vertical extending portion 214 supports the bracket 142. The bracket 142 is substantially U-shaped with a portion removed to receive the electrical switch 148. The bracket 142 is secured to the member 214 by the bolts 216 of the FIGURES 6 and 7. A small angle bracket 218 is secured by bolts 220 to the bracket 142. The remaining flat portion of the angle bracket 218 is used to support the switch 148 by the bolts 222. The switch 148 extends through the bracket 142 and has an actuating member 224 (FIGURES 5, 6 and 7) in engagement with the jam plate 140.

The jam plate 140 is mounted for rotational movement about the pin 146 between the pulleys 168 of the FIG- URES 5 and 6. The leading edge of the jam plate 140 is beveled and the trailing edge of the jam plate 140 is recessed at 226 to receive the two extending arms 228 from the bracket 142. A notch 230 is formed in the bracket 140 to receive the gate 118 when it is in its extended or open position. Thus, the bracket 142, the angle bracket 218 and the switch 148 are rigidly secured while the jam plate 140 is permitted to move about the pin 146.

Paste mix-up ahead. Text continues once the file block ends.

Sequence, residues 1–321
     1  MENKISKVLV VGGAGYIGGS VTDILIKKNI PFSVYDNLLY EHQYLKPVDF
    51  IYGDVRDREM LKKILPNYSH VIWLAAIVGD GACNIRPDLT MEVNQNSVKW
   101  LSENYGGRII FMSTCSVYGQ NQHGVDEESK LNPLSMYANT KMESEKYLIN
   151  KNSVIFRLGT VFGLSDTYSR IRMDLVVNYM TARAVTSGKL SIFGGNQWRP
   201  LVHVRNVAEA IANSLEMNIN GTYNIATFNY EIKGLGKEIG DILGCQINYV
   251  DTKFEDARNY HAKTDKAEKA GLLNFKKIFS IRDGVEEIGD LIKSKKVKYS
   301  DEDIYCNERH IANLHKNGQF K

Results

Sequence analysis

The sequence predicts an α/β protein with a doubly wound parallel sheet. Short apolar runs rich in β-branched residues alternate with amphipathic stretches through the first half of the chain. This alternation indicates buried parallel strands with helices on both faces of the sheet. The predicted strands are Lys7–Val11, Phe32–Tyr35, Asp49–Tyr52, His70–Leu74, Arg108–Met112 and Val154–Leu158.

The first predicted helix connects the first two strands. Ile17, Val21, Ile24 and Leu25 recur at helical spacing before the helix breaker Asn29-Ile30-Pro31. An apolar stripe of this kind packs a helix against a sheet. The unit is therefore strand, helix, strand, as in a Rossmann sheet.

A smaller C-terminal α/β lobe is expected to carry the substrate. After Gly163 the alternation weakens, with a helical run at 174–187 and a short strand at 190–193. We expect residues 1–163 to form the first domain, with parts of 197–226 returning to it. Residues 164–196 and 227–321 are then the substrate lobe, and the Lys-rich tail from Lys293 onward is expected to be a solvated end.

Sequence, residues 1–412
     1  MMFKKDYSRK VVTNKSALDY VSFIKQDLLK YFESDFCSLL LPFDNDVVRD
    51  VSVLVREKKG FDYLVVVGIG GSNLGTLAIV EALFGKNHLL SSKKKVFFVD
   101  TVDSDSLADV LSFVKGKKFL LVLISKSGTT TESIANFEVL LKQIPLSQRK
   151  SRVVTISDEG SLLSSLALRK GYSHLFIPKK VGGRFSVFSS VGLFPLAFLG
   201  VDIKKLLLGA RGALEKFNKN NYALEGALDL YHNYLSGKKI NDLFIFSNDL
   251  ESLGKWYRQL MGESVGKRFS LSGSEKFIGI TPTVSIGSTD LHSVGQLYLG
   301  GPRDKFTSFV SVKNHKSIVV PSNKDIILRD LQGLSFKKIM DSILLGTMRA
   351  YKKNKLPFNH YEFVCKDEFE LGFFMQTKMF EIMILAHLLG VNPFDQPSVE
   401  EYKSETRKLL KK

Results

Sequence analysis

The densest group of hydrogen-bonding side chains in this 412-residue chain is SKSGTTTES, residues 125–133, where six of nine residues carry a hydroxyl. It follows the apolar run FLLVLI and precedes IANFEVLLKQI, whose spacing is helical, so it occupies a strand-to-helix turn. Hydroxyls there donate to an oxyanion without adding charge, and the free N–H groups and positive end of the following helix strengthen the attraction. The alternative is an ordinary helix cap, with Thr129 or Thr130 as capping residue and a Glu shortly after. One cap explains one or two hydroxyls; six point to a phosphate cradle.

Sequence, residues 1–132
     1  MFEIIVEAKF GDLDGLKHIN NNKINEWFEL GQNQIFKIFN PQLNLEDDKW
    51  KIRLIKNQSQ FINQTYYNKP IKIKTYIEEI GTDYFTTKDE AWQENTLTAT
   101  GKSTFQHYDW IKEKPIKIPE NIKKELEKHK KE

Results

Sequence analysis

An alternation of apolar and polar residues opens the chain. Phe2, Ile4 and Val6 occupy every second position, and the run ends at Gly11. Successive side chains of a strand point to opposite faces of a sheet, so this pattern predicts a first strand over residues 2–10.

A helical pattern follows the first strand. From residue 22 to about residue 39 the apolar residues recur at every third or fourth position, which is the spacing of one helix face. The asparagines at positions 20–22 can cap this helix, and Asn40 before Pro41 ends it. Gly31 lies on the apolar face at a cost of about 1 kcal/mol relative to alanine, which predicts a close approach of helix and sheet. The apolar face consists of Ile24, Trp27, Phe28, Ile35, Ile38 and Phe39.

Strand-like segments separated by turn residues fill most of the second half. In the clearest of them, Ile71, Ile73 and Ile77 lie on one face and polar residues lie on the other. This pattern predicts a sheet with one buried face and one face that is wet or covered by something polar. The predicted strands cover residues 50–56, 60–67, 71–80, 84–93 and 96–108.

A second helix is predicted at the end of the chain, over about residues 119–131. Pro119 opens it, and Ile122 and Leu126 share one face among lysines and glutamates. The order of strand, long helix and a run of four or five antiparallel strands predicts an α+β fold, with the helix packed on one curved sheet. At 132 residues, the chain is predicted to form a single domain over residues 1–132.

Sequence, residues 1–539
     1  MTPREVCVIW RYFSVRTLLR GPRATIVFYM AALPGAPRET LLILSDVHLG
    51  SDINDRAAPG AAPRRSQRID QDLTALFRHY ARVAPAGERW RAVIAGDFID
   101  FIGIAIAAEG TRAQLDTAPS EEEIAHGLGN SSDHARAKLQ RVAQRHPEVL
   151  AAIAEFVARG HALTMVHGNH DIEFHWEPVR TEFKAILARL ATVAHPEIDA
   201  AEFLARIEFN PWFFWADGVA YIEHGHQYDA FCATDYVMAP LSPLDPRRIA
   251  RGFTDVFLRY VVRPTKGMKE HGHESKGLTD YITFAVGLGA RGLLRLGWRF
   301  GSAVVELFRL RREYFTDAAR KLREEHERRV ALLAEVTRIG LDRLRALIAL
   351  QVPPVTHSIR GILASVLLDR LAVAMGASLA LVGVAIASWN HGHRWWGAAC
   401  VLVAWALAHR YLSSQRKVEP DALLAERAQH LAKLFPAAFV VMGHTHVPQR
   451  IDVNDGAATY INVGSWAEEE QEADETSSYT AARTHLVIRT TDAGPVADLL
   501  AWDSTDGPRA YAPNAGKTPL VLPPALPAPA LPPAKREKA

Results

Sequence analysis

In the FIGURE 5, the gate 118 is shown in a partially open condition which is causing the mutilation of a document 76. As the flexible belt -and 102 force the document 76 toward the gate 118, the crumbling action of the document 76 Will cause the jam plate to be actuated in Ia cloekwise movement about the pin 146. The displacement of the jam plate 140 from its normal position, will depress the actuating member 224 of the switch 148 and thus close the electrical circuit between the output conductors 232 from the switch 148. This signal on the conductors 232 may be utilized to actuate the solenoid thus forcing the carriage mechanism outwardly and opening the document path. In addition, the electrical signal on the conductors 232 of the FIGURE 5 may be applied to the inhibit input of the drive means 93 of the FIGURES l and 2 which results in the removal of the driving power to the various elements of the sorter. This instant release of the movable carriage and resulting Stopping of the document sorter system prevents the further mutilation of documents in the case of a check jam. In most instances, a check jam is not caused by the elements of the sorting system but by the condition of the document itself. The document sorting system of the present invention will continuously read and sort the documents into the desired pockets and check jams Will usually occur only iwhen the condition of the check is such that it cannot pass through the document system. If a check is torn, mutilated, stapled or paper clipped or fails to properly engage the flexible helts so that timing is lost, document jams may occur.